Canadians Fret Merger With Burger King Will Change Tim Hortons Burger King announced it is buying the Canadian doughnut-and-coffee chain for about $11 billion. Some Canadians aren't thrilled that their Timmy's is being taken over by the American burger company.
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Canadians Fret Merger With Burger King Will Change Tim Hortons

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Canadians Fret Merger With Burger King Will Change Tim Hortons

Canadians Fret Merger With Burger King Will Change Tim Hortons

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STEVE INSKEEP, HOST:

Let's follow up now on Burger King's change of nationality. The U.S. food chain says it's buying the Canadian coffee and doughnut chain Tim Hortons for about $11 billion. Burger King wants to move its headquarters to Canada for tax purposes. It's also absorbing a company that is arguably as much a part of Canadian life as the game of hockey.

We sent Maine Public Radio's Jay Field over the border to learn more about a brand that Canadians lovingly refer to as Timmy's.

JAY FIELD, BYLINE: It doesn't take long to see a Tim Hortons after clearing customs. The restaurants are everywhere in Canada. That's the point of this ad, marking the chain's 50th anniversary this year.

(SOUNDBITE OF TV AD)

UNIDENTIFIED SINGER: (Singing) I've been everywhere, man. I've been everywhere. I've been to Cooksville, Stouffville, Bainesville, Bowmanville, Bonville Unionville.

FIELD: At this Tim Horton's in New Brunswick, a gleaming glass display case filled with doughnuts greets a steady stream of customers. Sleek booths line one wall. Two chairs and a small coffee table sit in front of a gas-burning fireplace.

PERCY GRAHAM: I get it first thing in the morning and plus I get my breakfast. I come through here about 5:30 and they're open. Everybody's friendly.

FIELD: After his early morning Timmy's, Percy Graham (ph) heads to work at a nearby fish processing plant.

GRAHAM: Then I do my 10 hour shift and 6, 7 o'clock - I come back through here and get coffee again.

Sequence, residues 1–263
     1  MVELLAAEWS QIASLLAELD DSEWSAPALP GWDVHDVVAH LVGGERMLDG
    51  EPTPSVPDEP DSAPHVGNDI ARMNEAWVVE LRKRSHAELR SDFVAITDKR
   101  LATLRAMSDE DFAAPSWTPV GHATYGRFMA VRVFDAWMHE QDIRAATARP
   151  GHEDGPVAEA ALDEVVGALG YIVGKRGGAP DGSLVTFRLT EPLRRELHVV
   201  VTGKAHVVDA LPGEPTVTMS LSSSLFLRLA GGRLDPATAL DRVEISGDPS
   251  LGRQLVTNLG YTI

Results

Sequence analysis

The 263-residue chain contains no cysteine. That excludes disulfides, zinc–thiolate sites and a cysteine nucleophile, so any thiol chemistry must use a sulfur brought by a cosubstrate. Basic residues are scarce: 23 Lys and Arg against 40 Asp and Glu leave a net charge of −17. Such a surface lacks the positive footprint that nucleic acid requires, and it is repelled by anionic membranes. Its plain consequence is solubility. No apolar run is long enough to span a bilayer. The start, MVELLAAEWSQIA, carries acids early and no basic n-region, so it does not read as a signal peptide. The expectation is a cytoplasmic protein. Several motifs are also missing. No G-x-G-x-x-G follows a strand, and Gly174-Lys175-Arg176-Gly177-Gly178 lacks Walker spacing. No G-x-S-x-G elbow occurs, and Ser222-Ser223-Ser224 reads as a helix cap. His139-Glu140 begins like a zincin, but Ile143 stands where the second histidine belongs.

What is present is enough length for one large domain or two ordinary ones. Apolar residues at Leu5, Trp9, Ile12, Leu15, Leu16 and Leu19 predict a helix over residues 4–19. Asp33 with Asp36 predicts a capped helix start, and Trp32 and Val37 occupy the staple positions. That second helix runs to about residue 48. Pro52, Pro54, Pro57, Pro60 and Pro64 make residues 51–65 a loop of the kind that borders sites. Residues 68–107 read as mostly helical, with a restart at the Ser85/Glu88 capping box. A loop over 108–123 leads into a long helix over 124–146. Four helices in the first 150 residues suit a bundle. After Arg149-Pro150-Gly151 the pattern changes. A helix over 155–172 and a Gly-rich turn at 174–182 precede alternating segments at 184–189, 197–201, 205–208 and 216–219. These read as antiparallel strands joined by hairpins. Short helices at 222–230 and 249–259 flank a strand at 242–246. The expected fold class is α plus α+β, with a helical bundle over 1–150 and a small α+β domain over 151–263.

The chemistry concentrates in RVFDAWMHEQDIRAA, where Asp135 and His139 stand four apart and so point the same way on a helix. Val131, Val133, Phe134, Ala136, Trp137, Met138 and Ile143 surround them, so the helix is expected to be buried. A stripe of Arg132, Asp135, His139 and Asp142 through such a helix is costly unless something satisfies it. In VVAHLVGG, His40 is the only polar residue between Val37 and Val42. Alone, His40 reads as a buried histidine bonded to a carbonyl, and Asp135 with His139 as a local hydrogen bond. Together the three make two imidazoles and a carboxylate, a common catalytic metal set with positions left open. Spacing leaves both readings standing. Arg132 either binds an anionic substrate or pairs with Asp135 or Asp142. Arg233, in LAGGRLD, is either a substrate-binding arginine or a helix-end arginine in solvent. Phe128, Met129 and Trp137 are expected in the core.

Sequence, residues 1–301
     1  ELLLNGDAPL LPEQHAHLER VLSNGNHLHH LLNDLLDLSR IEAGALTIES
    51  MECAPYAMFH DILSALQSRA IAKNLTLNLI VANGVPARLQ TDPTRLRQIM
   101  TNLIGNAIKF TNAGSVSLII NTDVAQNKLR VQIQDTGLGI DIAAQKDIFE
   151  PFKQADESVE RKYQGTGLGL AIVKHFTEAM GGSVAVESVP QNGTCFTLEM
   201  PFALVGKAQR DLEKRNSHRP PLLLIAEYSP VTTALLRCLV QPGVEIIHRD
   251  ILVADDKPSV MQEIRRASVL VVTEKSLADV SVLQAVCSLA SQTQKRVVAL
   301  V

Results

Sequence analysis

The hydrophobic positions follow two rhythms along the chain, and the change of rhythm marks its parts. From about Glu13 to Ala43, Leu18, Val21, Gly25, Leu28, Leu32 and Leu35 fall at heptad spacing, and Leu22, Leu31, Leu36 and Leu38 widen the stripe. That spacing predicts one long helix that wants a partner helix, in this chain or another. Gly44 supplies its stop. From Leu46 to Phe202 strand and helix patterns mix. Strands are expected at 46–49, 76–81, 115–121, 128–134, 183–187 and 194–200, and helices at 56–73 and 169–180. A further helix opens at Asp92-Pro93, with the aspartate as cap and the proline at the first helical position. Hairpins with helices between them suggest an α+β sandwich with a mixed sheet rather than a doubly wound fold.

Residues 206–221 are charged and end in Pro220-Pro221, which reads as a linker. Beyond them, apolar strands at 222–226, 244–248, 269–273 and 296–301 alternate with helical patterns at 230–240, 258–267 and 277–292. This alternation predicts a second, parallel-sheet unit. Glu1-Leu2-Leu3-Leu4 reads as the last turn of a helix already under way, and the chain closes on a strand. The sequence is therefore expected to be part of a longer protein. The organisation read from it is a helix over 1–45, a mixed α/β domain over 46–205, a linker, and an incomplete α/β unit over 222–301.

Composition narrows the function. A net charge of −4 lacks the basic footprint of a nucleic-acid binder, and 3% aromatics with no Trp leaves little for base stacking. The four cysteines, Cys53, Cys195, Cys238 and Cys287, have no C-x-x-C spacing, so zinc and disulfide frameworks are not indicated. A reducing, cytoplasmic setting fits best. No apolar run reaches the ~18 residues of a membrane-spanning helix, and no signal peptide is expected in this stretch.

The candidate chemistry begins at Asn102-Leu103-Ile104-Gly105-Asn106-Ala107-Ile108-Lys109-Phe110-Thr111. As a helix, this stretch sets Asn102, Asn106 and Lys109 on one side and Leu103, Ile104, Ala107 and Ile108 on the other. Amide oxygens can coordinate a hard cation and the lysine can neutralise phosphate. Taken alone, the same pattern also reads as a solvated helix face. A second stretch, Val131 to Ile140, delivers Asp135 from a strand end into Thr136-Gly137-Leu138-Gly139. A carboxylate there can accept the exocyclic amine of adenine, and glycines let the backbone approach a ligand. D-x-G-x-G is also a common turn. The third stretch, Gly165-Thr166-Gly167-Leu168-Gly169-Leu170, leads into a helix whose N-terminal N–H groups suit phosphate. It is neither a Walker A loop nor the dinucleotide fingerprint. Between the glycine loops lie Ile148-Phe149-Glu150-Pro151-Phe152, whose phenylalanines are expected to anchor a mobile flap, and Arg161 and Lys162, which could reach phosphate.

FIELD: By one estimate, sales at Tim Hortons restaurants make up more than 25 percent of all food service transactions in Canada. 8 out of 10 cups of coffee in the country are bought from Tim Hortons, according to the chain. Not only that, the company was founded by a hockey player.

ERIC ATKINS: It really is an iconic brand in Canada.

FIELD: Eric Atkins is a business writer at Canada's Globe and Mail newspaper.

ATKINS: They're in every small town, they're all over the larger cities. They're loved for their coffee - which is consistent - and their doughnuts. Canadians love their doughnuts.

FIELD: The hockey player who founded the chain in 1964 was the late Tim Horton, a legend who played for the Toronto Maple Leafs, as well as the New York Rangers, Buffalo Sabres and Pittsburgh Penguins.

SANDRA DUDYCH: People grab a Timmy's en route to their kids' hockey games.

FIELD: Sandra Dudych says players on her city's NHL team - the Winnipeg Jets - can often be found hanging out before practice at the Tim Hortons kiosk in their arena.

DUDYCH: If you look at the food industry, a lot of the food industry is not home-grown in Canada. Tim Hortons was.

FIELD: Tim Hortons has been owned by a U.S. company before - the fast food chain Wendy's. Then the two split up.

Burger King says this merger will bring more Tim Hortons into the U.S. Analysts say the two together might better compete in markets overseas. Putting the headquarters in Canada could also mean getting the benefit of lower corporate taxes.

Back at Timmy's in New Brunswick, Ian MacHattie worries the merger will somehow change the coffeehouse Canadians love.

IAN MACHATTIE: Part of the success was the ownership was Canadian - like their psyche, their thinking is similar to ours. So now that ownership is changing, you don't know how that future will be.

FIELD: Burger King says the companies will be run separately. There won't be Whoppers alongside the doughnuts.

That's a relief to MacHattie, though, he says he might consider the combination if that Whopper is served with a Double Double. That's Tim Horton's signature drink - a regular coffee with two creams and sugars.

For NPR News, I'm Jay Field.

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